THE BREATH – Land Of My Other (Real World Records)

Land Of My OtherThe Breath’s new album, Land Of My Other, is a gorgeous folk album which captures the runic texture of “whispering grass” sharing ancient secrets under grey clouds burdened with foreboding gravestone rain drops.

Yeah, at times, Irish born Rioghnach Connolly’s vocals can echo the beauty of (the great!) Sandy Denny, with a voice that can also sing “across a purple sky” as “all the birds are leaving”.

The first song, ‘Don’t Rush It’, begins with a strummed guitar by co-songwriter Stuart McCallum, which ushers in a Sandy Denny-like perfect river hymned voice; and the chorus, in really nice juxtaposition, conjures a great dramatic folk melody, which gives way to the initial Albion’s crystal clean watery memory, as the song balances tough twine with gossamer beauty.

And, ‘Little One’ evokes those rain ghosts with its incessant pulse and dark vocal. Producer Thomas Bartlett (who co-wrote several songs!) adds a cryptically danced piano thought, which continues throughout the undercurrent of the entire album.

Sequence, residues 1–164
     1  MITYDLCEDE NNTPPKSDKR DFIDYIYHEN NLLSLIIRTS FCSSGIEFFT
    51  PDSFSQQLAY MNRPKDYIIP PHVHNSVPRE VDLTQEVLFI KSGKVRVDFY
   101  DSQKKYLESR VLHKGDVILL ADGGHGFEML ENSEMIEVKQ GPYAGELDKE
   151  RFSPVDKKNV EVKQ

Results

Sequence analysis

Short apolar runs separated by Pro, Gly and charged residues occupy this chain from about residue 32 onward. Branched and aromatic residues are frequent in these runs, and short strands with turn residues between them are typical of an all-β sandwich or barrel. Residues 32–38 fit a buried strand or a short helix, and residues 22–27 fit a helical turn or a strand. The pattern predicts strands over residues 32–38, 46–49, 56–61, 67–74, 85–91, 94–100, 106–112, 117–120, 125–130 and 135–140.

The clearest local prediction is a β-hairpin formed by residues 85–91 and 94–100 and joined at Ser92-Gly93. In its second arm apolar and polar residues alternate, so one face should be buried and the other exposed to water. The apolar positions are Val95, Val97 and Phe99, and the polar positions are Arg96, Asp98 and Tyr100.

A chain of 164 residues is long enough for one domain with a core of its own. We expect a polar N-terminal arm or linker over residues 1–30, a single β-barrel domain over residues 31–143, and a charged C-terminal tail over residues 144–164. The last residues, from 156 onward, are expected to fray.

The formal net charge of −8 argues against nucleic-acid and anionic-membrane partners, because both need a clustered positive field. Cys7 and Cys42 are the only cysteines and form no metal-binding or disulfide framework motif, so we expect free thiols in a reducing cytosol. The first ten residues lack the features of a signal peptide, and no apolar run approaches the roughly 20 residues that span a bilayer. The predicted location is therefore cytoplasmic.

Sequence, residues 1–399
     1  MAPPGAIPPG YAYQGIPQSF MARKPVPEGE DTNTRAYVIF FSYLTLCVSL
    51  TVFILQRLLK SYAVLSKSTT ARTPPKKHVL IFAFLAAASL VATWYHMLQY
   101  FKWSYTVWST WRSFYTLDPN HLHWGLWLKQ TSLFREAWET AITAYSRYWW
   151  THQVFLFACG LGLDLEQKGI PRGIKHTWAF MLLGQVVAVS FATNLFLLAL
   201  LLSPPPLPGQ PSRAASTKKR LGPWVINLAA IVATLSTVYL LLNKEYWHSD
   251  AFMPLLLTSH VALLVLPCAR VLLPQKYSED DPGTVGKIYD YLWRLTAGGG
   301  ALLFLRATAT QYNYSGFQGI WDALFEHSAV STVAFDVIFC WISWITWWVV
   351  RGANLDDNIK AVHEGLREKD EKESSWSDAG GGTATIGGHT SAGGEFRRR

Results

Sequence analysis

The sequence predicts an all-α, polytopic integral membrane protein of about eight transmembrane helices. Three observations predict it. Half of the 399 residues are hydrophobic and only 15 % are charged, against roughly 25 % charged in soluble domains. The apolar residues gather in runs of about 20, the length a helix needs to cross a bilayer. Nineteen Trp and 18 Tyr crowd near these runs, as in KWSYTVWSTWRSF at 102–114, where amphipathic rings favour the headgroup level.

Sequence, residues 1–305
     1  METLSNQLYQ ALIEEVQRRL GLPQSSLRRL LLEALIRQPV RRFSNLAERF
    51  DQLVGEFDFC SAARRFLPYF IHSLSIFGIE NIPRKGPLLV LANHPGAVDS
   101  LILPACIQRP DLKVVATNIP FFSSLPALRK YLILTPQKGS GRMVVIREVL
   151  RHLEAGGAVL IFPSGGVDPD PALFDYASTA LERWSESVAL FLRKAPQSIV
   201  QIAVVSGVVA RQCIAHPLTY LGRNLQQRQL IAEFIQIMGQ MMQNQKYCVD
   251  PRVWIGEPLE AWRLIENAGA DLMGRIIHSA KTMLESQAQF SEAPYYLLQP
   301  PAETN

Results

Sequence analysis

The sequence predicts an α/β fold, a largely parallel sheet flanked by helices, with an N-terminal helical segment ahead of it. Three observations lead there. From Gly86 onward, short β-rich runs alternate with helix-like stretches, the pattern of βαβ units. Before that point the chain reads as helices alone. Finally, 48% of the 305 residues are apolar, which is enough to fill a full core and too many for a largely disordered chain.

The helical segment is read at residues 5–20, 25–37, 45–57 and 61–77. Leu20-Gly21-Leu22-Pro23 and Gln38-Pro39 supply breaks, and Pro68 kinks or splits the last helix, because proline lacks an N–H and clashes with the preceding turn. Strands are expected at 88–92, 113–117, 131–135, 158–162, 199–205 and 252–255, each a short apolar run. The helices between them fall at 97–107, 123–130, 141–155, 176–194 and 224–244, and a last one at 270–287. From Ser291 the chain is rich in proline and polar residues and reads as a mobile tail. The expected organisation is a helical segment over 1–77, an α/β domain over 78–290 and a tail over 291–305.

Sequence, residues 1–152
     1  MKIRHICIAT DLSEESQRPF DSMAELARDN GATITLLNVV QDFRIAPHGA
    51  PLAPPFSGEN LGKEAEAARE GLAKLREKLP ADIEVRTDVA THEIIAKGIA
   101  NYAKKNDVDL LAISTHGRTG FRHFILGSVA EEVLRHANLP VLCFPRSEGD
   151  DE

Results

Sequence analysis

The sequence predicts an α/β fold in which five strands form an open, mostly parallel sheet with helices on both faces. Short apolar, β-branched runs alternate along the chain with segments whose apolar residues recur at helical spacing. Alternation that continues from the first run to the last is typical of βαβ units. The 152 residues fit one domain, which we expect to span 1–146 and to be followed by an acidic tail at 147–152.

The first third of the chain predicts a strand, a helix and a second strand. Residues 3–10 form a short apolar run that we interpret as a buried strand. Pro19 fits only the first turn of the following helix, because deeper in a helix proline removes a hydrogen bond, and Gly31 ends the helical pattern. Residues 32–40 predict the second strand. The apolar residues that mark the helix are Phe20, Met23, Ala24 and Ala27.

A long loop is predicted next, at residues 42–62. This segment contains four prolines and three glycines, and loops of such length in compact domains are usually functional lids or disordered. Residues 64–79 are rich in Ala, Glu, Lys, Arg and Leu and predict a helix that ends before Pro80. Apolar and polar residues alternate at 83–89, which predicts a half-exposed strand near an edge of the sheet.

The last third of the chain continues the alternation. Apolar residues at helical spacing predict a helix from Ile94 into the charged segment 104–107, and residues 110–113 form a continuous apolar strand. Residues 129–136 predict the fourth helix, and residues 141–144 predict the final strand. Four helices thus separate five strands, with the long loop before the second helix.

But the title song, ‘Land Of My Other’, catches a divine Celtic breath and bleeds with a flute infused resurrected absolute folk beauty. The tune simply levitates with a softly touched grace. Sometimes a song burns like a candle wick gifted with a really nice deeply melodic thought.

Ditto for ‘Cliona’s Wave’ and ‘Letters From Long Kesh’, as they float on acoustic guitar and piano, both of which buoy Rioghnach’s tender vocal that caresses that mysterious texture of “grass whispering ancient secrets”. This music touches Nick Drake’s ‘From The Morning’ sincerity. Big compliment.

And ‘Without You In It’ extends the musical “breath” into uncharted melodic waters that flow with unending quest for a beautiful horizon. The poet John Keat’s ‘Ode On A Grecian Urn’ comes to mind.

There’s a change, though. ‘Burning Away’ (after a pensive start) erupts with big piano chords and a multi-dimensional voice that shouts with fiery passion. And ‘Remembering The Flood’ recalls the ruminations of Grace Slick in her Jeferson Airplane Days. Then (ditto, again!), ‘Head Down’, like an old Sixties’ Polaroid photo, slowly develops even more psychedelic colour, and gives Alice better advice than that literary dormouse ever had to offer!

The final song, ‘Every Time It Comes Around’, dapples with even more acoustic crystal river flowing contemplation. The tune maps moments, perhaps in a late summer’s afternoon thought, when memory slips into the shade and colours swirl into a collage of melodic winds. It’s a fine coda to a lovely folk album that’s filled with words of love, loss, a bit of magic, and secrets “whispered” under an eternal “purple sky”, and watered, ironically, with the burden of those always caustic gravestone rain drops.

Bill Golembeski

Artists’ website:

‘Little One’ – official video:

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